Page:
Printing the History of New York
This article originally appeared in our March 2003 issue. We are republishing it today to mark the 18th anniversary of the September 11 terrorist attacks.
Situated smack in the center of New York's bustling Wall Street area, Trinity Church stands out—a piece of the 18th century peeking out at the 21st. It has seen a lot of changes over the years.
"It's almost like the history of Trinity is the history of New York," remarks Lynn Brewster, manager of Design and Production Services for Trinity Church Wall Street, which serves the Anglican Episcopalian religion.
In fact, Trinity has been around almost since the city's very beginning—and before the country's birth. The land on which it stands was a gift to the parish from England's Queen Anne in 1705. Its oldest structure, St. Paul's chapel, was built in 1766 and was once the tallest building in the city. George Washington had his own pew there. Alexander Hamilton rests in Trinity's churchyard.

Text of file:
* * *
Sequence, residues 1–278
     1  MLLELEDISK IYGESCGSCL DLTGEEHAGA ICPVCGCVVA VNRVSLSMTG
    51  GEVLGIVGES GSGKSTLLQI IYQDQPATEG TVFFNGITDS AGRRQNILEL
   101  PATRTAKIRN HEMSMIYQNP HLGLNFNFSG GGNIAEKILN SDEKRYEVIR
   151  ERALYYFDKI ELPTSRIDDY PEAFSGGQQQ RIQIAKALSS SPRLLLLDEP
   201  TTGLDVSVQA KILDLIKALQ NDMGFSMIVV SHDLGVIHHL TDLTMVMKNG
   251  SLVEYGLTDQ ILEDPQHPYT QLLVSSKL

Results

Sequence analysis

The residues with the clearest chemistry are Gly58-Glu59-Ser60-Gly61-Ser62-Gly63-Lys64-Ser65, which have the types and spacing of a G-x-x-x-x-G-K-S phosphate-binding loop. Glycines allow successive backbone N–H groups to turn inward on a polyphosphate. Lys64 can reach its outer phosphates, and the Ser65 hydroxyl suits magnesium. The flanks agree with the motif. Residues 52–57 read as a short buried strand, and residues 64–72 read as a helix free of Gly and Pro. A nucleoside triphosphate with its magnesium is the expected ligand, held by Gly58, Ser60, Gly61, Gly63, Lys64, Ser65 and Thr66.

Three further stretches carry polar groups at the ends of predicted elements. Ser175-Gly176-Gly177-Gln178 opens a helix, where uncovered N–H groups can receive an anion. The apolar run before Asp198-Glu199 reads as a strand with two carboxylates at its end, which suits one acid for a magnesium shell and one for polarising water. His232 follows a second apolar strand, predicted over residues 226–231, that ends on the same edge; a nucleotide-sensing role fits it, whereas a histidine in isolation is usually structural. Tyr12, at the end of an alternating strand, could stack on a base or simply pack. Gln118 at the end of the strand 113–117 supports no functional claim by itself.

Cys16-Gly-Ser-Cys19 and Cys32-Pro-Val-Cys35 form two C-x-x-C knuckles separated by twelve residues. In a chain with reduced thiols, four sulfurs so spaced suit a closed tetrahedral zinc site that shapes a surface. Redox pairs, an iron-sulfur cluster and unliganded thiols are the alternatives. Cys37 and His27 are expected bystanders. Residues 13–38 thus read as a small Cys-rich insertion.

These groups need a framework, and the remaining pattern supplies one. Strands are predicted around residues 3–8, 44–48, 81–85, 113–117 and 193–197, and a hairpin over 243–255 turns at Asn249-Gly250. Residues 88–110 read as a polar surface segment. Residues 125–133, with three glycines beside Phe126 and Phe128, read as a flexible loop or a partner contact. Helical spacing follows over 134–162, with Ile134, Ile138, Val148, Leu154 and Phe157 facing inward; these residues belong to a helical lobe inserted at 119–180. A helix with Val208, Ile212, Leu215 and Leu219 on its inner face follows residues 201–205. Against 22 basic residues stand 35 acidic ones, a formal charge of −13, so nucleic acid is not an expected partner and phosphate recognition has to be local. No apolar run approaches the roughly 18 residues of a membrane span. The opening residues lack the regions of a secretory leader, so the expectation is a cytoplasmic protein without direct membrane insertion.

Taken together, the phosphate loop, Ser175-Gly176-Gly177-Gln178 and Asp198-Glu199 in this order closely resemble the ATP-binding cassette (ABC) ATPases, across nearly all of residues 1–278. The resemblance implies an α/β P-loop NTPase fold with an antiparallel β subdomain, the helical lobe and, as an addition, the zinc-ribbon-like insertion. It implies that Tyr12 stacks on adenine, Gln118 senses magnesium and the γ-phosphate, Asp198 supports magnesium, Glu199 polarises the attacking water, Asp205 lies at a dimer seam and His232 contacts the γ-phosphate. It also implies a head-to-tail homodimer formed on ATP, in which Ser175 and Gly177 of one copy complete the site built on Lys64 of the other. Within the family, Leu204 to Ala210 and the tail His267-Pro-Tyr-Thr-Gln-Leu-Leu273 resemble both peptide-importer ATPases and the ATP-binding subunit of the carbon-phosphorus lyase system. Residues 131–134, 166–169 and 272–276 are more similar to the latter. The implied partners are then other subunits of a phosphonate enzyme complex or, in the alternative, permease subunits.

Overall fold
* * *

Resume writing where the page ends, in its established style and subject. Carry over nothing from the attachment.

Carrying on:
On September 11, 2001, Trinity was right in the center of the city's history once again. It was just blocks away from the World Trade Center.
In the confusion after the planes hit, Brewster took her camera to the roof of her building. She had just finished taking pictures of the burning buildings when the first tower crumbled to the ground.
"We pretty much were trying to find a place to breathe for the first 10 minutes," she recalls. It wasn't until she was four blocks away that she realized the towers had fallen. Amazingly, St. Paul's chapel was virtually untouched by the catastrophe.
Trinity played a strong part in the tragedy's aftermath as well, allowing the chapel to be used as a gathering and resting place for recovery workers, or what Brewster calls an "around-the-clock relief ministry."
Her in-plant went into action too, printing posters and cards about the tragedy, encouraging people to maintain their faith. Later, the shop printed a booklet recognizing volunteers. And for the one-year anniversary of the attack, it produced a brochure detailing that day's events at Trinity.
Bob has served as editor of In-plant Impressions since October of 1994. Prior to that he served for three years as managing editor of Printing Impressions, a commercial printing publication. Mr. Neubauer is very active in the U.S. in-plant industry. He attends all the major in-plant conferences and has visited nearly 170 in-plant operations around the world. He has given presentations to numerous in-plant groups in the U.S., Canada and Australia, including the Association of College and University Printers and the In-plant Printing and Mailing Association. He also coordinates the annual In-Print contest, cosponsored by IPMA and In-plant Impressions.